In space, no one can hear you scream. But sometimes it’s tempting.
One of the most difficult things to get across in basic astronomy is that from the southern hemisphere, things appear the other way up. It’s understandable with primary school children, who often ask why people in Australia and New Zealand don’t fall off into space. But it can be surprisingly difficult for adults. In 2011, when I was asked to contribute a regular monthly piece on astronomy for a new Falkland Islands television station, my first step was to buy a southern planisphere (see Notes in ‘Dark Sky Part 2’, last week). But I found that the constellation names were the wrong way up, as if they still had their northern hemisphere orientation! Even now on the Heavens-Above website, if you enter the location of Port Stanley, the map you get still has that northerly orientation (compare the placing and orientation of Orion in the February map for this column, and the Port Stanley map from Heavens-Above.)
In one of my stories for Sydney Jordan’s Lance McLane strip in the Daily Record, he included a drawing of Orion over the South pole; but it still had Betelgeuse and Bellatrix at the top of the constellation, as they are here.
With north at the top of a southern star map, east is now on the right, something the first navigators to sail down the coast of Africa couldn’t get anyone to believe. In the North Lanarkshire Astronomy Project, one of our props was a globe of the Moon which could be removed from its cradle, and turning it about, I would demonstrate that in the southern hemisphere, the Man in the Moon becomes a crab. I would then ask, “In the first film of The Lord of the Rings, do you see the Man in the Moon, or do you see the crab?” Remarkably, most children remember and realise that it was the crab. Then I’d ask, “Why is that?” And after a moment’s pause, a bright kid would say, “Because they filmed it in New Zealand”. Middle Earth is definitely in the northern hemisphere in J.R.R. Tolkien’s books, with glaciers in the north, deserts and olliphaunts in the south, and countless allusions to European mythology. Someone must have pointed this out to Peter Jackson because in the second film, the Moon has been turned around by computer magic. But in the first major dialogue scene of The Two Towers, when Aragorn, Gimli and Legolas are chasing the Orcs who’ve run off with Merry and Pippin, they meet the Riders of Rohan, who give them horses. Their leader then leaps into the saddle with the cry, “We ride north!” and they do – straight towards the midday Sun, because they’re in the southern hemisphere.
You might think that the appearance of the Man in the Moon would be known to everyone, but mistakes are amazingly common. One which crops up surprisingly often even now is to show the Full Moon left-to-right inverted. During one of the early space missions, I remember an episode of Panorama in which Richard Dimbleby had to interview Dr. Tom Margerison in front of a huge lunar disc which was the wrong way round, with Mare Crisium on the left and Oceanus Procellarum on the right. A more common mistake now, particularly in television drama, is to show the Full Moon rising at right-angles to its path, which can only be seen from the southern United States or elsewhere near the Equator. (Another is to show the Moon, Full, gibbous or crescent, in the same phase night after night, for much longer than they actually could be.) In the original movie of Stargate, a trio of full moons were shown framing a pyramid on another world – not a dynamically stable situation in any case, but all three of them were our Moon at different angles, presumably on the assumption that nobody would notice.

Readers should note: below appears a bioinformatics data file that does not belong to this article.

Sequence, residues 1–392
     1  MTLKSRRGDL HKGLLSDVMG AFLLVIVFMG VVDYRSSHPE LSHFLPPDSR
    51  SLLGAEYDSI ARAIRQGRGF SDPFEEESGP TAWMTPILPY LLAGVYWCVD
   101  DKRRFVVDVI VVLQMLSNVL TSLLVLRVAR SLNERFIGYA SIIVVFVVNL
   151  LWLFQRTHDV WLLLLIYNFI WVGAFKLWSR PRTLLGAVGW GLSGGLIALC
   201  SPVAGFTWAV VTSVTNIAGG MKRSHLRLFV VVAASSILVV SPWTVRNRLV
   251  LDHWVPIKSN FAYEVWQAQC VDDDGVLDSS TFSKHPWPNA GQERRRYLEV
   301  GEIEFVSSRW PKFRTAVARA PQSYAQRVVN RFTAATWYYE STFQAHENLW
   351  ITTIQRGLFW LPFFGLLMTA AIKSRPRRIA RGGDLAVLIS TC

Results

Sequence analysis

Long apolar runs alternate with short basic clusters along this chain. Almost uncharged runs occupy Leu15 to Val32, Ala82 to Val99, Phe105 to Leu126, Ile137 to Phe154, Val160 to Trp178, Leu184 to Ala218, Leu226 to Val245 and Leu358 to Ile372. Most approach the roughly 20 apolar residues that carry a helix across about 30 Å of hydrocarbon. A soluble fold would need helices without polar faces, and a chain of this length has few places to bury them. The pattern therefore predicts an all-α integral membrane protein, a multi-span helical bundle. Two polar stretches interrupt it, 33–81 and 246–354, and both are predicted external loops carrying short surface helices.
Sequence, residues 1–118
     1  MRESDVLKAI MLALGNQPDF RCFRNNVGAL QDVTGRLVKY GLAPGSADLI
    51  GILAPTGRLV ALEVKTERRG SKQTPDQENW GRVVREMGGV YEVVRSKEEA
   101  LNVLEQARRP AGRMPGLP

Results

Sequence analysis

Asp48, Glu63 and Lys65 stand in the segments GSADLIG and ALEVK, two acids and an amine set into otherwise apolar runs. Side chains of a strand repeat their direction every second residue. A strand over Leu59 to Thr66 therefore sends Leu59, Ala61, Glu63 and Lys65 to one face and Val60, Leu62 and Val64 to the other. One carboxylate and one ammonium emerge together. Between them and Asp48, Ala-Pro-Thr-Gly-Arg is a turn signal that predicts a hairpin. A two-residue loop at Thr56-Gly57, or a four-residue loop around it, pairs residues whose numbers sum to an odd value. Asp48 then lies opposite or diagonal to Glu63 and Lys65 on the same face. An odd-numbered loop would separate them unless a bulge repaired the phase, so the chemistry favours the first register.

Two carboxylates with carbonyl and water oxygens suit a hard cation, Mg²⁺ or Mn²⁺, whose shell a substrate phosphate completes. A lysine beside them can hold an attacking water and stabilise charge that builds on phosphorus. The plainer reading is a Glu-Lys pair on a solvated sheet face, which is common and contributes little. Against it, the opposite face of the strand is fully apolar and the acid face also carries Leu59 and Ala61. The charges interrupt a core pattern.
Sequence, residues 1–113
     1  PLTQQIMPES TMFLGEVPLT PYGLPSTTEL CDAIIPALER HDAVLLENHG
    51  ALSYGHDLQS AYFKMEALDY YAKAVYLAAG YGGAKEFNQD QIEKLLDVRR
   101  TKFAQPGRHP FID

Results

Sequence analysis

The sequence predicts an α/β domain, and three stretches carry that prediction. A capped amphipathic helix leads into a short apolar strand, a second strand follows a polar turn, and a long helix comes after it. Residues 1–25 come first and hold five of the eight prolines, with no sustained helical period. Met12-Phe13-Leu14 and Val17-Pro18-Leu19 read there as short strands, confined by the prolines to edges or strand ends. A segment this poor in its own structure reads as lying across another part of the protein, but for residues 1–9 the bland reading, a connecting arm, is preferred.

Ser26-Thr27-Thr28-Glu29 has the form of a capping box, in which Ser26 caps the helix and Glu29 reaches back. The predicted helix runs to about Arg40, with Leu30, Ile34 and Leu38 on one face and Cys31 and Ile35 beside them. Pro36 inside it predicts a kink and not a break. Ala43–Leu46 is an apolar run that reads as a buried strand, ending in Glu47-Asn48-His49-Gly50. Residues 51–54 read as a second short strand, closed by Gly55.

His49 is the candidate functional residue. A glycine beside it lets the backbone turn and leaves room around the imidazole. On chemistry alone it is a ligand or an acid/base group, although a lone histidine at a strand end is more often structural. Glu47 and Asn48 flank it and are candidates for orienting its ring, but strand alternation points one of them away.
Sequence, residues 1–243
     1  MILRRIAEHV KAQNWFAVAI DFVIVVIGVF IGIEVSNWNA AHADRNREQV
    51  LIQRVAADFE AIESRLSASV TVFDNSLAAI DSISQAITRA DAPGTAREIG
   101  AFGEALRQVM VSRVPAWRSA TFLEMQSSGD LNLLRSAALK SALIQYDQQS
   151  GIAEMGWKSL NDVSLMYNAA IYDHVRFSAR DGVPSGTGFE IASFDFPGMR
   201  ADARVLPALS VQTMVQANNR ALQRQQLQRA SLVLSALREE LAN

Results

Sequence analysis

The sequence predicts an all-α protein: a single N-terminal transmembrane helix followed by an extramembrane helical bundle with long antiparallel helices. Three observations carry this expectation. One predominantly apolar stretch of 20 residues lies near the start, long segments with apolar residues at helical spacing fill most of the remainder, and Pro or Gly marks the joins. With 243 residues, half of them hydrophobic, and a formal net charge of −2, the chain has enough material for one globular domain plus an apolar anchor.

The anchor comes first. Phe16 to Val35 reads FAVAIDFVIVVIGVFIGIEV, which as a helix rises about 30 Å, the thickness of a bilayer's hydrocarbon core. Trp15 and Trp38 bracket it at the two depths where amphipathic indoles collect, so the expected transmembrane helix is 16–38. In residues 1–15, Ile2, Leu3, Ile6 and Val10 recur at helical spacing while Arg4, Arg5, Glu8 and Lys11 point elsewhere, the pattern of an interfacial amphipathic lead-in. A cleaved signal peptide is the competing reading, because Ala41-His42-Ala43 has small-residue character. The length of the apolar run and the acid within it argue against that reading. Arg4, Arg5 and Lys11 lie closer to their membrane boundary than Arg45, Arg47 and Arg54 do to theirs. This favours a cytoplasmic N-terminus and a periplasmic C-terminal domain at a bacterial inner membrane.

For decades after the Moon landing, a still more common mistake was to show the Moon from the side, even when seen from here. The crew of Apollo 8, rehearsing the trajectory which would be followed by Apollo 11, photographed the lunar disc with Mare Crisium on the centre line of it. (Mare Crisium is the dot above the Man in the Moon’s left eyebrow, on the top right of the face as we see it, always facing the Earth.)
On their return journey the Apollo 11 crew took a similar view with Mare Crisium at the centre of the disc. They had landed in Mare Tranquillitatis, at sunrise so that the shadows would highlight obstacles – so of course to photograph the full disc, most of the sunlit area had to be on the Farside. But for some reason, film-makers jumped to the idea that this must be how the Moon looks from everywhere, even when seen from Earth. The artist David A. Hardy has compiled a collection of cases like that – one which springs to mind is at the end of Moontrap (1989, released for the 20th anniversary of the landing). One of the most bizarre was in the display window of Charles Frank’s, at Central Station in Glasgow, which I mentioned last week. For months if not longer it contained a placard reading, ‘Buy a Charles Frank Junior telescope and discover for yourself the wonders of the Universe’, although it was illustrated with Apollo 8 photographs of the Moon – leading to the comment that the Charles Frank Junior could not only see above the atmosphere, but also look round corners.
The film in which the greatest efforts were made for accuracy was 2001, a Space Odyssey, to the extent that the special effects people said, ‘In six days God made Heaven and Earth, and on the seventh, Stanley Kubrick sent it back for modifications’. The effort wasn’t 100% successful, but as the late Chris Boyce said on first seeing it, “It’s just such a relief to have a science fiction film in which the mistakes are not only trivial, but don’t drive the plot”. (He went to see it in Cinerama so often that the staff thought he wrote it, and would let him in for nothing.) Some of the mistakes were deliberate: the spaceship Discovery was powered by a gas-core nuclear reactor (a promising technology, but not yet available), and early models of it authentically had large heat-radiating fins. They were eliminated from the final version, not to confuse the audience with what would appear to be wings on a spaceship in vacuum. But one actual mistake was pointed out by Les Cordingley of Charles Frank’s: in the Moon landing sequence, the spherical moonship and the Earth beyond should be in the same phase, differing by at most one degree (the maximum separation of Earth and Moon, as seen from the distance of the Sun), but in the film the Earth is gibbous and the ship is a crescent.
Back in the mid-1950s, I remember a Daily Express interview (which I haven’t been able to trace) with an astronomer who pointed out that rocket exhausts would not be visible in sunlight, in space. Stanley Kubrick got that right in 2001, and the makers of the original Battlestar Galactica comprehensively got it wrong. (Chris Boyce called that one ‘a six-drinks movie’, indicating how many you’d have to have beforehand in order to enjoy it.) One follow-on to 2001 which did get it right was Moon Zero 2, a 1969 Hammer ‘space western’ surprisingly starring Warren Mitchell as a crooked space industrialist.